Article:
Exclusive Breastfeeding Lowers Risk of Breast, Ovarian Cancers, Says NAFDAC DG



Prof. Mojisola Adeyeye


In promoting the act of optimal breastfeeding among nursing mothers, the Director General, National Agency for Food and Drug Administration and Control (NAFDAC) Prof. Mojisola Adeyeye, has listed the benefits of exclusive breastfeeding to include reduced risk of breast and ovarian cancers in mothers, stronger immunity for babies, reduced risk of childhood illnesses and infections.

Urging mothers to leverage the nourishing nutrient of breast milk for the overall wellbeing of their babies, she mentioned other advantages of breastfeeding to the nursing moms such prevention of postpartum bleeding, support of child spacing, lower the risk of breast and ovarian cancers and earlier return to pre-pregnancy body weight. She added that it is also associated with longer-term health benefits including reduced risk of overweight and obesity in childhood and adolescence.

This is even as the World Health Organisation (WHO) has described the
female gender as the strongest breast cancer risk factor, with 2.3 million women diagnosed with breast cancer and 685 000 deaths recorded globally in 2020.

The apex health institution confirms that there were 7.8 million women diagnosed with breast cancer at the end of 2020, making it the world’s most prevalent cancer. Breast cancer occurs in every country of the world in women at any age after puberty but with increasing rates in later life.

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The NAFDAC boss made the statement during the commemoration of the 2023 World Breastfeeding Week celebration with the theme: “Enabling breastfeeding –making a difference for working parents”. She noted that in underscoring the importance of creating an enabling environment for child health, the agency recently created an Office of Women’s Health, a multi-disciplinary centre where issues that concern maternal and child health will be continuously addressed.

Adeyeye who was represented by the director, Food Safety and Applied Nutrition (FSAN), Mrs Eva Edwards, added that it is also associated with longer-term health benefits including reduced risk of overweight and obesity in childhood and adolescence.

According to the NAFDAC DG, this year’s theme was apt as it was aimed at strengthening the collaboration of actors across different levels of society to support and promote breastfeeding for working parents so that women can combine breastfeeding and work. She added that this is important because workplace challenges remain one of the most common reasons for women to stop breastfeeding earlier than recommended.

Prof. Adeyeye further explained that a workplace needed adequate breastfeeding facilities to become a breastfeeding-friendly workplace, adding that lack of conducive breastfeeding environment especially for working mothers hinders breastfeeding of infants.  With the provision of appropriate lactation rooms in workplaces, she maintains that employers stand to benefit as it leads to happier, more dependable, and productive employees.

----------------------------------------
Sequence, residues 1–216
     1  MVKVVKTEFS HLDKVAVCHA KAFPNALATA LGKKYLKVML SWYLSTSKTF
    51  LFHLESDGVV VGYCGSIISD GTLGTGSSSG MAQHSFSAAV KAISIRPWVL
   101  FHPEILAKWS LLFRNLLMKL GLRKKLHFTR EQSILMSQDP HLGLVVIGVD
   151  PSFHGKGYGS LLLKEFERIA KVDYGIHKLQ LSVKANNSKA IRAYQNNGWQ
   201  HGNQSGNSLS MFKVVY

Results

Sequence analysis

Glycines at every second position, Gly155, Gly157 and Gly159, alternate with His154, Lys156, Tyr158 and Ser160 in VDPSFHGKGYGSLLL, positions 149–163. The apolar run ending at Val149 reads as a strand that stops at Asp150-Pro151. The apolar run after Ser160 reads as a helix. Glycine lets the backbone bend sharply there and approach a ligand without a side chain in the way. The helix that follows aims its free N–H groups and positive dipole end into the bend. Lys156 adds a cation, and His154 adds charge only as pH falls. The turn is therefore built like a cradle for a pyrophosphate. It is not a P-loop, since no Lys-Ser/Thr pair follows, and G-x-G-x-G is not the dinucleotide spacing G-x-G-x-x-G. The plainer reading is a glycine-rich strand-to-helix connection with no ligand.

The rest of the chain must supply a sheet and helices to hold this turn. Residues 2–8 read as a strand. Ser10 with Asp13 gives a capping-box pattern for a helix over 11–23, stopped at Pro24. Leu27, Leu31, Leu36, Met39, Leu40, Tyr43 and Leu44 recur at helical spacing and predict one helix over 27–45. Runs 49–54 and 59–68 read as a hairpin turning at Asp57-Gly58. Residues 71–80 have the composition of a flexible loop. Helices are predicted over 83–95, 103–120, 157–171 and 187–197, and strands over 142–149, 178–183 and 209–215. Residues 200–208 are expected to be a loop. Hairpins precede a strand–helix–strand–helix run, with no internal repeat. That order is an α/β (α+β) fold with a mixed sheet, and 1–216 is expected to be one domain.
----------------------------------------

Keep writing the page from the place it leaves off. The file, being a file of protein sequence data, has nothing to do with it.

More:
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‘’It also leads to reduced absenteeism because breastfeeding employees’ babies get sick less often and less severely’’, she said.

She however, maintained that there is still a lot of work to be done in creating an enabling breastfeeding environment to promote the best nutrition, health, and environmental outcomes.  One contributory strategy to achieving this, she said, is enforcing compliance with the International Code of Marketing of Breastmilk Substitutes established to protect and promote breastfeeding and protect mothers from inappropriate marketing of breastmilk substitutes by industry.

The NAFDAC boss pointed out that the agency is resolute in her commitment to promoting and protecting breastfeeding and recognizes the threats that aggressive marketing of breastmilk substitutes (BMS) poses to optimal breastfeeding practice. She stressed that the revised Marketing of Infant and Young Children Food and other Designated Products (Registration, Sales etc.) Regulations has incorporated subsequent relevant World Health Assembly resolutions and recommendations on the International Code of Marketing of Breastmilk Substitutes.

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Amongst other provisions, she said, it prohibits unethical marketing practices by infant food manufacturers. ‘’This is in recognition of the fact that aggressive marketing of breastmilk substitutes is among the factors that contribute to undermining breastfeeding and is associated with decreases in breastfeeding rates.’’

While they will continue to strengthen the implementation, monitoring and enforcement of the Code of Marketing of Breastmilk Substitutes and our national regulations, she implored everyone to join hands with NAFDAC as breastfeeding is a cost-effective investment in the nation’s health, economy, and future workforce.

Speaking in the same vein, the Programme Team Lead, Nutrition Society of Nigeria (NSN) Lagos Chapter, Mrs  Chioma Emma-Nwachukwu,  emphasised that nutrition is essential for a healthy breastfeeding journey.  She admonished mothers to also maintain a balanced diet and stay hydrated to provide the best for their little one.

‘’Your diet influences the quality of your breastmilk and, in turn, affects your baby’s health. Embrace foods that boost lactation and enhance your baby’s well-being’’, she said.













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